To be silent is to be complicit and artists from across Ireland shared their feelings along with calls to action on what we can do to be actively anti-racist.
Following the murder of American citizen George Floyd on May 25 by a white police officer in Minnesota protests erupted across the United States. Thousands began marching and continue to do so in opposition to the continued execution of innocent black people and the pervasive and systemic racism that exists in America.
The mobilisation of people from all ages, backgrounds, ethnicities and genders across the Atlantic has resulted in shows of solidarity in Ireland and across the rest of the world. These displays of unity have been followed with inward looks at the injustice that exists within our own countries and how we can do better. Numerous calls to action have been raised on social media with silence being equated to complicity.
Artists shared literature to educate people on racism, provided links to movements we can donate to, raised awareness and shared their sorrow at the current state of affairs.
Denise Chaila spoke candidly on the intersectionality of activism and the need to recognise that if you care about people’s emotional well-being or feminism or any other movement you must also care about challenging racism.
Caring about mental health in Ireland also means caring about racial justice.
Caring about feminism in Ireland means caring about racial justice.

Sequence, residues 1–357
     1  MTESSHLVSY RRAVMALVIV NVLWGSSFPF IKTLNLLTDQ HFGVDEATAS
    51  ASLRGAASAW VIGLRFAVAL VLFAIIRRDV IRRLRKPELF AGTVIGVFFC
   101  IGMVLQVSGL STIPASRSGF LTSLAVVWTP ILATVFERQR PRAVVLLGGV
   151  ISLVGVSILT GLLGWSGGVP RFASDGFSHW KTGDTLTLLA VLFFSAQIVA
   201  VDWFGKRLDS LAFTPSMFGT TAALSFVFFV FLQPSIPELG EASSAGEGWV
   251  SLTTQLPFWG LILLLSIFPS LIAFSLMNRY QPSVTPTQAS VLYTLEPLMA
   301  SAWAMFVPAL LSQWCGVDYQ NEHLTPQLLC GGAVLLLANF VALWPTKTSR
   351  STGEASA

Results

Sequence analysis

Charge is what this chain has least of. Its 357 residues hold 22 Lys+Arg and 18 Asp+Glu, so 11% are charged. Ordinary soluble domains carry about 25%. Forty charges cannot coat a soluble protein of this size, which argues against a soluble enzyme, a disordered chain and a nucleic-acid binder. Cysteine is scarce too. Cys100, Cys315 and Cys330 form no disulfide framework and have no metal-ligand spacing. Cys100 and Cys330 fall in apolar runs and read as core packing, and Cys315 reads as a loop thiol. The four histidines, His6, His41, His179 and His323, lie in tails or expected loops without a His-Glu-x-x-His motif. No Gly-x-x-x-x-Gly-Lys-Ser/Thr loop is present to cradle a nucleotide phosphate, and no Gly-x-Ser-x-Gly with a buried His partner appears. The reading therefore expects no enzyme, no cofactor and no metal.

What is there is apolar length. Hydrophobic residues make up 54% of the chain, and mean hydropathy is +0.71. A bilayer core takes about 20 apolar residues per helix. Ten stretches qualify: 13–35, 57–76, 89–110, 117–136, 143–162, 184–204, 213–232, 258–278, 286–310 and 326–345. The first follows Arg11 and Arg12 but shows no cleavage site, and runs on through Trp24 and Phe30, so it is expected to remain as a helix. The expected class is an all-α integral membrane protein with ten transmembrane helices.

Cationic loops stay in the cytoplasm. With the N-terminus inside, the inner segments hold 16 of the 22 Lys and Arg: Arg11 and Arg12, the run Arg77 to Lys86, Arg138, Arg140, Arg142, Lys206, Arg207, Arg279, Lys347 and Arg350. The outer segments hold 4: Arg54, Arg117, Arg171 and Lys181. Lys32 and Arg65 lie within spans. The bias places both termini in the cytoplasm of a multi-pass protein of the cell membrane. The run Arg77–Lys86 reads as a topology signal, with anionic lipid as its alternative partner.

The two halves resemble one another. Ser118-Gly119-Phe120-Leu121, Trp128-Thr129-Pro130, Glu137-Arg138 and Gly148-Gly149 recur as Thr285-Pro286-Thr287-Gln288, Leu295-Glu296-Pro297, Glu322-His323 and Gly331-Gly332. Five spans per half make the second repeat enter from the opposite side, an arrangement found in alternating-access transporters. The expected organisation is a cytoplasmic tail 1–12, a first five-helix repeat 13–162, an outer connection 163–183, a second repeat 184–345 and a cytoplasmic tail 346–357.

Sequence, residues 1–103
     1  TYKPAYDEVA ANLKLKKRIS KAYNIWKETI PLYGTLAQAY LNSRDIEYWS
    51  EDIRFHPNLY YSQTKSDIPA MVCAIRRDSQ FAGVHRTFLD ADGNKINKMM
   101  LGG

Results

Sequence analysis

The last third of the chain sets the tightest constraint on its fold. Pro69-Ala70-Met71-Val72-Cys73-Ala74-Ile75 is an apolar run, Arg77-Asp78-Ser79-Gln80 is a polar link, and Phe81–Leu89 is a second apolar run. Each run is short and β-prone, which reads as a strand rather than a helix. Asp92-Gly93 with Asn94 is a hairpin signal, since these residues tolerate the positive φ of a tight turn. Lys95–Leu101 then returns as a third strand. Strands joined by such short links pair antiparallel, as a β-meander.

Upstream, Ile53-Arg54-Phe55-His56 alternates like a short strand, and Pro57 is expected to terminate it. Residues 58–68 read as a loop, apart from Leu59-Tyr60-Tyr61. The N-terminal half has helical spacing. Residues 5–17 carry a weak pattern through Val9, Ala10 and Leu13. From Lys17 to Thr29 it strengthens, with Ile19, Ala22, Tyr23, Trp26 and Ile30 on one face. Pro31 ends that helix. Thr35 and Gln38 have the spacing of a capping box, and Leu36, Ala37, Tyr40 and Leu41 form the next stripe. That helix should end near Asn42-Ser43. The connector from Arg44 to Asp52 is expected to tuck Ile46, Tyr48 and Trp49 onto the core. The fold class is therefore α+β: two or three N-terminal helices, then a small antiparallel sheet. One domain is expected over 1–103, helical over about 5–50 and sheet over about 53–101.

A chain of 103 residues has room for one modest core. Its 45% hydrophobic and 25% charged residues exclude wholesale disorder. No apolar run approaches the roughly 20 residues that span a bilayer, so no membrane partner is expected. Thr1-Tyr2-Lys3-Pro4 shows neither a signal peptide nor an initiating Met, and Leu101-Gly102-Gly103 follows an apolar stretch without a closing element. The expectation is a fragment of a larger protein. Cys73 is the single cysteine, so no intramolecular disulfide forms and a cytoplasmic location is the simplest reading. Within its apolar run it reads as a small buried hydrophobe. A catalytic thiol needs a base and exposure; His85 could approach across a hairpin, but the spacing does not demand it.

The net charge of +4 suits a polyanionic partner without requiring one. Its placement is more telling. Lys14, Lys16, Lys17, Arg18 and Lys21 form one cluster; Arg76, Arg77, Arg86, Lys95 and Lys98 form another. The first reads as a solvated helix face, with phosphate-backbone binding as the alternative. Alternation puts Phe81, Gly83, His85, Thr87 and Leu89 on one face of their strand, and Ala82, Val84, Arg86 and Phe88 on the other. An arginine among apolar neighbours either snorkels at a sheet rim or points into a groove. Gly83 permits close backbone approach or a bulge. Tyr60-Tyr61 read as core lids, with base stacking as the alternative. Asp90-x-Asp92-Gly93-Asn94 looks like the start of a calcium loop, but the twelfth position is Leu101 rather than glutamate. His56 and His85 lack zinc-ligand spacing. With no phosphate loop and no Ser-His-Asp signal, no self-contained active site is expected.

Caring about any movement means you care about it ALL.
Dublin duo Mango x MathMan made a call to action to support MASI (Movement of Asylum Seekers in Ireland), calling for an end to direct provision.
This is not just an American issue but a worldwide issue. It is systemic, cyclical and evil. It is present here in Ireland with Direct Provision which we should all be call to be ended here. Please support @masi_asylum as well. — Mango X MathMan (@MangoXMathMan) May 29, 2020
Using your voice and privilege is more than simply posting on social media, but it’s a good place to start. Diffusion Lab’s Soulé encouraged people to do everything they can to support.
Sign Petitions, donate where you can, go to protests and don’t be afraid to shout about it on social media. As an artist this has really shook me to the core and I will continue to shout about it no matter who I piss off. — SOULÉ (@SouleOfficial) May 31, 2020
Hip hop is the most popular genre in the world and while it is open to people of all colours, ethnicities and backgrounds to contribute to the sound, there is a baseline level of respect that should be shown to the culture.
Erica Cody called on white people to use their privilege and platform for good and linked a petition calling for justice for the late George Floyd.